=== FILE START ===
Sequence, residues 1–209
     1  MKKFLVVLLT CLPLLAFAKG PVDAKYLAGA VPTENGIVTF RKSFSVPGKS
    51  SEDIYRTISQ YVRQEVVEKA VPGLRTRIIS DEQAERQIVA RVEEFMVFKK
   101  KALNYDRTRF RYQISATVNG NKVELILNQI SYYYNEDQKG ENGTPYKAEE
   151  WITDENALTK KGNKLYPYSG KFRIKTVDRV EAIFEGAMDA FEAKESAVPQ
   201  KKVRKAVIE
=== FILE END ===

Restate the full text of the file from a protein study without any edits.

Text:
Sequence, residues 1–209
     1  MKKFLVVLLT CLPLLAFAKG PVDAKYLAGA VPTENGIVTF RKSFSVPGKS
    51  SEDIYRTISQ YVRQEVVEKA VPGLRTRIIS DEQAERQIVA RVEEFMVFKK
   101  KALNYDRTRF RYQISATVNG NKVELILNQI SYYYNEDQKG ENGTPYKAEE
   151  WITDENALTK KGNKLYPYSG KFRIKTVDRV EAIFEGAMDA FEAKESAVPQ
   201  KKVRKAVIE